The Story Behind the Stereotype Story

By Liz Cox Barrett

On Monday The Washington Post introduced readers to one Britton Stein of Sugar Land, Texas, in a piece titled, “For A Conservative, Life is Sweet in Sugar Land, Tex.” Written by David Finkel, the story of Stein - “His truck is a Chevy. His Beer is Bud Light. His Savior is Jesus Christ” - was one of a three-part series called “America in Red and Blue: A Nation Divided.”

(By way of reminder, as the Post’s David Von Drehle wrote in his Sunday kick-off to the series, “political scientists and practitioners often speak of ‘Red-Blue America,’ evoking maps of the 2000 election returns; indeed, the phrase is used so loosely that it has spawned a competing pundit class devoted to knocking down oversimplifications of the idea.”)

Speaking of oversimplifications and those who exist to knock them down, the Britton Stein piece gave Campaign Desk pause. Here, we thought, was the press feeding readers a stereotype, reinforcing the “expected,” which allows them to later present the “unexpected,” the exception to the carefully chronicled “rule” … say, the Punk Republican.

Campaign Desk wasn’t alone among media watchers to have a strong reaction to Finkel’s piece. ABC’s political newsletter The Note wrote that while “full of color and some insight…it might seem strained and patronizing to some of its conservative readers.” The ever-opinionated Wonkette called Finkel’s piece a “massive collection of condescending clichés.”

Also on Monday, the Post teased the third and final story in the series, promising to introduce readers on Tuesday to a “blue” family, “The Harrisons of San Francisco. ” Based on Finkel’s “red state” story, readers could be forgiven for anticipating that the Harrisons would be, say, a hyper-educated couple of gay vegans who run an antique shop in Pacific Heights, lack traditional moral compasses, compost in their kitchen, work for Greenpeace, listen to Pacifica Radio and read The Nation.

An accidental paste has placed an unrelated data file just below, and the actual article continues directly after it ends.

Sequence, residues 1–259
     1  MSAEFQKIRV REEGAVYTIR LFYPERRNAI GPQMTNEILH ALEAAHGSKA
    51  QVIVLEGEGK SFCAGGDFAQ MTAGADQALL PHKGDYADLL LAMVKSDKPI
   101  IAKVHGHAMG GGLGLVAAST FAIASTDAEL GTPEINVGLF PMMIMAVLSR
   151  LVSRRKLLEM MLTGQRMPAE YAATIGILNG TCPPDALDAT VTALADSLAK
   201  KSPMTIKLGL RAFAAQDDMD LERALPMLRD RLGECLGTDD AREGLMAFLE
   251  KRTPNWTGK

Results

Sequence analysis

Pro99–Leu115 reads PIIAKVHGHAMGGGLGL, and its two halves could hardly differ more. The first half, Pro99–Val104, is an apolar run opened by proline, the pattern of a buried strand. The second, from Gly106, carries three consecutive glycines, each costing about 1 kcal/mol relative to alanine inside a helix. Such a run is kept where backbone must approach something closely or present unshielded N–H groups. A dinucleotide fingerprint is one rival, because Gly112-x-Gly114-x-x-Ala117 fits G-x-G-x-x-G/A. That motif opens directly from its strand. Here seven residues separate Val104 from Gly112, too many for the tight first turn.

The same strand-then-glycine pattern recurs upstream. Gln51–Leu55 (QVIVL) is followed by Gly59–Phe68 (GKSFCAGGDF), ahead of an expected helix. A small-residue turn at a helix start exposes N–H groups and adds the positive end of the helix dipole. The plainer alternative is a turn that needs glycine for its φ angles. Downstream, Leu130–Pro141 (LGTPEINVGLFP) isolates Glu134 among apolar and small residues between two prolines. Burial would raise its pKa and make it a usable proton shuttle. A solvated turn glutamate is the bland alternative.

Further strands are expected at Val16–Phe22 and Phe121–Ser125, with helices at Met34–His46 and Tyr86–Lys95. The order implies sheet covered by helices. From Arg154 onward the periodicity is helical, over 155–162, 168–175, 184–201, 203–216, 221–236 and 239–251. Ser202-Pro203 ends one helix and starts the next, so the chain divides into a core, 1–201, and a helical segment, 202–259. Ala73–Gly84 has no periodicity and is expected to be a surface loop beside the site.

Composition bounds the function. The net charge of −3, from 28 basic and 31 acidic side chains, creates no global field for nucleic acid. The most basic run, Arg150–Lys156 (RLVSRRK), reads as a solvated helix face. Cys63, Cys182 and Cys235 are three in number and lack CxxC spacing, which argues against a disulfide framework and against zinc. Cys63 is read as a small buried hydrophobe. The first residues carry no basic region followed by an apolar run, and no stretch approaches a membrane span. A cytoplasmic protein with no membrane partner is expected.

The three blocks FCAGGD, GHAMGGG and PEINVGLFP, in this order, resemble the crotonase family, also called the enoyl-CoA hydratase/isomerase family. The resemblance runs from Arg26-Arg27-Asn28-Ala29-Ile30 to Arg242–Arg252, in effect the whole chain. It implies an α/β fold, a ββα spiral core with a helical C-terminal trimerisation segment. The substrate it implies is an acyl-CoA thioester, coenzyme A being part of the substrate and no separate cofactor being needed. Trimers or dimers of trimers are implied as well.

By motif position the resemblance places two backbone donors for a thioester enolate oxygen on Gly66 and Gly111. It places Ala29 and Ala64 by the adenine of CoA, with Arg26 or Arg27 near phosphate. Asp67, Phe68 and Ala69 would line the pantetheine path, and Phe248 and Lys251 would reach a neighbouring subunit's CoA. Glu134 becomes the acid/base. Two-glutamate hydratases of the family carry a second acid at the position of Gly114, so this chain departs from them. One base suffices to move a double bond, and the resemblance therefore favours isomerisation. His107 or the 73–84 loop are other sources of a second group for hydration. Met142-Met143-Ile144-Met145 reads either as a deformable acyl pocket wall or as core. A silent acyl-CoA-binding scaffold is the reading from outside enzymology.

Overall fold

Readers would be wrong.

Tom and Maryanne Harrison turned out to be church-goers, big believers in family time, with a daughter who is happily (and heterosexually) married and a son who is soon to follow. Like Mrs. “Red State” Stein, Mrs. Harrison is a Eucharistic minister at the local church. Like Mr. “Red State” Stein, Mr. Harrison drives a pick-up and “can often be found in a recliner—the very place one might find [Mr. Stein].” And Finkel witnessed both men giving money to homeless people.

After reading both “red” and “blue” stories, Campaign Desk was curious about the anatomy of this series. We had a lot of questions. First, what did the Steins and Harrisons think about Finkel’s take on them? Both Britton Stein (a.k.a. Mr. Red) and Maryanne Harrison (Mrs. Blue), reached by phone in Sugar Land and San Francisco respectively, told Campaign Desk that they felt Finkel had portrayed them fairly and accurately. “He hit the nail on the head,” Maryanne Harrison said. The rest of our questions were for the reporter himself.

Liz Cox Barrett: What did you have in mind when looking for your subjects - what were you looking for? How did you go about finding a stereotype?